Leading analytics provider Calabrio will take a deeper dive into the constantly growing use of analytics—and examine its specific role in enabling companies to become more customer-centric—in two complementary…and complimentary…webcasts on CrmXchange.

The first of the two presentations –“The Beginner’s Guide to Analytics” –will take place on Thursday, February 20. Presented by Contact Center Analytics Consultant Mark Fagus of Calabrio, it will explore such key topics as:

  • The differences between speech, text and desktop analytics
  • Analytics technologies, such as LVCSR (Large-Vocabulary Conversational Speech Recognition), Phonetics and STT (speech-to-text)
  • The top 10 analytics business use cases

The second webcast –Unlock Customer-Centric Intelligence on Thursday, March 12 will expand on how companies can make the most out of using analytics by empowering themselves to reach higher levels of comprehension by developing new insights to deal with their customers. Brad Snedeker, Director Product Marketing, Calabrio, will delve into features that companies can use to their advantage, including:

  • Embedded analytics – learn how analytics have been surfaced throughout the application to provide easy access to key insights without having to go outside everyday workflows
  • Unified, self-service dashboards – compelling and personalized insights within dashboards that can double as homepages
  • Enterprise KPIs – out-of-the box performance management tools
  • Speech-to-text enhancements – find out how to achieve increased accuracy and speed of transcription

Register now for the first or second of these informative Calabrio webcasts….even better, sign up for both! Each will take place at 1:00 pm ET: if you cannot attend the live presentations, you can download each one 24 hours after it is completed.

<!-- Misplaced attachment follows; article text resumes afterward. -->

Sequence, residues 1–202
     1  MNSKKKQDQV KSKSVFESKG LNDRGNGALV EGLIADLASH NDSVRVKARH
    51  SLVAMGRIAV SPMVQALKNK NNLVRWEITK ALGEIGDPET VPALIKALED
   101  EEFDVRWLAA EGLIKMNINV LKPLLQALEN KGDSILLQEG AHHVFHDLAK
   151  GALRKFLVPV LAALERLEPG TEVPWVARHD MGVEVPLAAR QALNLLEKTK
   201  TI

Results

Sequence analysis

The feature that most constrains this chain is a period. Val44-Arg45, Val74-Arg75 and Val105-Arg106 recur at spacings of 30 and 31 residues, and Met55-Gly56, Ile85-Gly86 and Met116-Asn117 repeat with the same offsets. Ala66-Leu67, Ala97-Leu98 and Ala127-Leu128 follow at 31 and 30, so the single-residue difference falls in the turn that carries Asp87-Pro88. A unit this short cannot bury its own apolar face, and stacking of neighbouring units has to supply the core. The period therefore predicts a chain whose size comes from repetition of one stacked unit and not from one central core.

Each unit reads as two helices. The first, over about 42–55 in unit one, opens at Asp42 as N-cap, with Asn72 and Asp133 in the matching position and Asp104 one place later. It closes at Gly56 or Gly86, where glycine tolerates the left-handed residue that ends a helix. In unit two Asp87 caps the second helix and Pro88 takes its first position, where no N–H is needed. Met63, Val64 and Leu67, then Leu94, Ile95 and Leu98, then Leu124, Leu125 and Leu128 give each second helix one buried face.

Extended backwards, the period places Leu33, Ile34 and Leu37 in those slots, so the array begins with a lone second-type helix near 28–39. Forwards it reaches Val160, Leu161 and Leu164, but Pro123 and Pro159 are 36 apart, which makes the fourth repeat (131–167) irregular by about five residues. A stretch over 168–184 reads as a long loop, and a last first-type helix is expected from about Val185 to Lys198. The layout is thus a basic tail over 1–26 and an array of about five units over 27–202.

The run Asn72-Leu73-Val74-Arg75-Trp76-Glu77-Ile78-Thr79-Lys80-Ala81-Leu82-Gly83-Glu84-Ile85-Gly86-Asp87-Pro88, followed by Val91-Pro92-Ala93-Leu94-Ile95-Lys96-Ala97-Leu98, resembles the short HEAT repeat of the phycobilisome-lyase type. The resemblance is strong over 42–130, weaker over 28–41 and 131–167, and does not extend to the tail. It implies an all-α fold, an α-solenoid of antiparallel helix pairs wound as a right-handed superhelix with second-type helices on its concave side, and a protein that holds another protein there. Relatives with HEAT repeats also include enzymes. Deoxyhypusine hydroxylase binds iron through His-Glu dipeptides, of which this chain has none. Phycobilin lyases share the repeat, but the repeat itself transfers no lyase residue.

What New Paths Will Companies Take to Shape the Customer Journey in the Years to Come?

As the time-honored adage puts it, ‘a journey of 1000 miles begins with a single step.’ These days, the journey a customer takes when engaging with a company may be far more geographically limited but usually starts with a lot more steps. The ever-evolving customer journey incorporates varying interactions and experiences that take place on different touchpoints: a website visit for research, a call with a sales rep or chat with an agent, a conversation on social media or online review site, an inbound call, and even an in-store retail encounter.

It has become more important than ever for a business to take advantage of every possible resource to understand its customers: their wants, needs, and expectations, their thoughts and opinions and feedback and expectations. Building this knowledge will enable companies to deliver the highly personalized customer experiences that are becoming more crucial all the time in an increasingly competitive marketplace where consumers are offered a constantly growing array of options.

Given access to vast resources of data and technology, the customer journey today has morphed dramatically from where it was even five or ten years ago. And every company’s success depends upon combining the right technologies with the agility needed to effectively manage all the interactions that take place on every channel along the way.

Gazing into the future, which often-predicted developments will come to pass? Will the migration to the cloud finally encompass all businesses and make service more responsive? Will messaging ultimately surpass voice as the communication channel that is most compelling for businesses and consumers alike? Will digital transformation extend its reach deeper into the contact center environment to better leverage profile data, more closely examine customer feedback, and measure sentiment? Will customers expect greater availability of agent support that involves the use of screenshots, photos and video? And how will the growing use of AI-powered solutions progress, both in terms of those that provide more effective self-service options and those that support the development of more highly specialized agents?